There is Power in The Blood: Reflections from a Trappist Monastery
“Would you be free of passion and pride, there is power in the blood.” – Lewis E Jones. Lyrics to an Old Christian Folk Hymn.
It seems like the seven deadly sins have gone out of “fashion.” Yet, once, in the consciousness of Christians, they were our deadliest foes.
In the early days of the Church, when Christianity was sanctioned and given status by the Romans, there were those who longed for a more “pure” version of the Christian life. Such individuals left home and hearth to go out into the desert and find something more.
Yet, what they found “blocking their road” were passions, emotions, and desires which refused to be disciplined. They found the sin of gluttony, which ever more craved delightful foods. They found the sin of acedia, which manifested itself in a sort of escapism and being unable to be satisfied by the moment. They found anger and the desire for violence.
They found the sin of lust in thoughts, desires, and memories. Greed and envy showed its ugly head as the monk struggled with being content and humble with what the Lord had given them.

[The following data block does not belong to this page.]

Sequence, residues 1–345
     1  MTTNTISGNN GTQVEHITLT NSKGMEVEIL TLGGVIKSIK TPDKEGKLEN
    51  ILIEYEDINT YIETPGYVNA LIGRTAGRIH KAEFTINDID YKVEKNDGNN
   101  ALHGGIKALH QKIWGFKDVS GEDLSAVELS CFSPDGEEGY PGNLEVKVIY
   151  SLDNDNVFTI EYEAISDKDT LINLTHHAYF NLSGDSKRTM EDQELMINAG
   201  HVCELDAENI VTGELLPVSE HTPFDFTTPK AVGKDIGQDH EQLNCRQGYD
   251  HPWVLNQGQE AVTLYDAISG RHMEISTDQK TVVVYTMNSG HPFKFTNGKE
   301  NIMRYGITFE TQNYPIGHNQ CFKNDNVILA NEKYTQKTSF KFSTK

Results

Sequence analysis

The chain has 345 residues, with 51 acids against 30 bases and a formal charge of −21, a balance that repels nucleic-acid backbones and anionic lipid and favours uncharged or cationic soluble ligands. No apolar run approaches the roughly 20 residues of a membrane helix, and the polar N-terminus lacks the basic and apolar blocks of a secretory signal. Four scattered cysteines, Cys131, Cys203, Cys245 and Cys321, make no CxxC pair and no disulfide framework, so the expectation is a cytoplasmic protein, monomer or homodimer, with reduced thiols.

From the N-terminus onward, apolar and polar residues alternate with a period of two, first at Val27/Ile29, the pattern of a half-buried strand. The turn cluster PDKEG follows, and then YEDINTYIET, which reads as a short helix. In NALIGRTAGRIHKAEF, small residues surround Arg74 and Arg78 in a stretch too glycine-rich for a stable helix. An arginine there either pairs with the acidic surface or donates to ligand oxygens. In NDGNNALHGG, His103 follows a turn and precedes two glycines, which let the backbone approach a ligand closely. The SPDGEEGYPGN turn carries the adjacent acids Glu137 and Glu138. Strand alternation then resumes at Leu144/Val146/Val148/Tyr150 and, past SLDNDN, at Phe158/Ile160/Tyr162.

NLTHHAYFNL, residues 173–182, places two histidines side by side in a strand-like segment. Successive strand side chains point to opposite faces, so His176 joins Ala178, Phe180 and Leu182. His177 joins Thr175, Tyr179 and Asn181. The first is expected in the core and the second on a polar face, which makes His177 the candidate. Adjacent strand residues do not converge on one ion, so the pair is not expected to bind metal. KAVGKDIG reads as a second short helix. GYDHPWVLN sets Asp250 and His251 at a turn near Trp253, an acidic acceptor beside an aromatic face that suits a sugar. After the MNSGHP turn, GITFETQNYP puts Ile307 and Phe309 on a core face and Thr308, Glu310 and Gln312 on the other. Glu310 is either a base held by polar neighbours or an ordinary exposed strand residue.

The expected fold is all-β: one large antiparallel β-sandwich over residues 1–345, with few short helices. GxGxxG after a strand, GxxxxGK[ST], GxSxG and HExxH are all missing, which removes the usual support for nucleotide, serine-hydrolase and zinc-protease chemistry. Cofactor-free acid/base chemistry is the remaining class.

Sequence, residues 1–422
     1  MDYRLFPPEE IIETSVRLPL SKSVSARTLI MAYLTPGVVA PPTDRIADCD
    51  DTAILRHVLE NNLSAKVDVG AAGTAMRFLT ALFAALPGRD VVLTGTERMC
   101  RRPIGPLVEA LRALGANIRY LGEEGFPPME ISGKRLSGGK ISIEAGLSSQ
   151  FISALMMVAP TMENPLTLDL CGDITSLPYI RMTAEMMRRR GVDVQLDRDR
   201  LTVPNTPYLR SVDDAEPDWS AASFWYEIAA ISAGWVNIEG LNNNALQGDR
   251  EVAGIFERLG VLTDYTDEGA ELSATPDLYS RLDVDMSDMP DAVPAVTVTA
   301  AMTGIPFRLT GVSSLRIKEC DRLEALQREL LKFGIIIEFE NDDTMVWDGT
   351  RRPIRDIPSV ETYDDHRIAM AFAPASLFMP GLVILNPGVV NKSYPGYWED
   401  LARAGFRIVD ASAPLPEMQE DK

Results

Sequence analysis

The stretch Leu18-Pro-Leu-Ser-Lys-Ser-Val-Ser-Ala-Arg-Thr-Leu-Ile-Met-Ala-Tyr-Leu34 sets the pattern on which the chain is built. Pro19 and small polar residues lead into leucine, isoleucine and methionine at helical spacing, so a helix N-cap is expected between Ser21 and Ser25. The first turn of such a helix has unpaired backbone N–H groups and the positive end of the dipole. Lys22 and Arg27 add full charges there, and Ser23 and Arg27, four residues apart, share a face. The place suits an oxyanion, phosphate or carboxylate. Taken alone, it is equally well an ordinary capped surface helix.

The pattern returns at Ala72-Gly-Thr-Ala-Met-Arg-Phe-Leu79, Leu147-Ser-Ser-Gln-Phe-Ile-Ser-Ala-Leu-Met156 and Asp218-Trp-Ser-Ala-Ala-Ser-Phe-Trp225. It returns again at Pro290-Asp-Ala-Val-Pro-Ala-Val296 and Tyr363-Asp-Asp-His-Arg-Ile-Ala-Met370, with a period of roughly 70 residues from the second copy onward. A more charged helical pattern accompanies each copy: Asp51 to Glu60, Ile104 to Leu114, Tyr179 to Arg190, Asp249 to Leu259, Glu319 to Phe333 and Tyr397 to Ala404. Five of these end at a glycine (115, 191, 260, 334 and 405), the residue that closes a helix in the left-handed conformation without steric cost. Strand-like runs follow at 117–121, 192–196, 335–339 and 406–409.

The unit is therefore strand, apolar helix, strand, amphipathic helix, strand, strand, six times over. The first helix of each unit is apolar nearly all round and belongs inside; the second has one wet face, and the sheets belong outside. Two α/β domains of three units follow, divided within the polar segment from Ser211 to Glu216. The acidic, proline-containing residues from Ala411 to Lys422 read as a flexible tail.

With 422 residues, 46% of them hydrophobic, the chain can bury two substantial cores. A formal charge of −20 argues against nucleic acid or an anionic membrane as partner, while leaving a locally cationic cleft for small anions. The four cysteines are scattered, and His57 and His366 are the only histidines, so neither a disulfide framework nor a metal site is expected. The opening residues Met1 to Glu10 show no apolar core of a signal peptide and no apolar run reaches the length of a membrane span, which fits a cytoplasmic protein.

Finally, when one has thoughts of just “how far” one had gone, vanity and pride make their appearance. Sure, the seven deadly sins have gone out of fashion, but does this mean they no longer exist?
It was in a reading one day, when one such monk in the desert, described his own battles with these temptations. I was anxious to see what solution he found. His counsel was very simple: turn to Christ.
Indeed, he pointed out quite astutely, that29Like the alcoholic who simply cannot overcome his addiction, we too do not have the strength or the power to overcome spirits like envy, lust, anger, and pride. They are above our “paygrade.”
There are those who think they can overcome such spirits through their own efforts. They seem to end off worse than before (Luke 11:23-26). I remember one such individual, whom through “meditation” was able to find emancipation from her children and husband.
Others seem to “make peace” with these enemies of human nature. This seems like having an angry rottweiler tied to a corner in a living room while you entertain guests for an evening social. It just seems…dangerous.
But Jesus gives us another solution, which is to simply “look upon the one whom they have pierced.” (Zechariah 12:10) The one who overcame the world (John 16:33), promises to be with us in our own battles against such spirits. And what’s more, through Him, we are “more than conquerors (Romans 8:37).
Do we believe St. Paul? What’s more, do we believe the countless Saints and Christians who have said that it is so?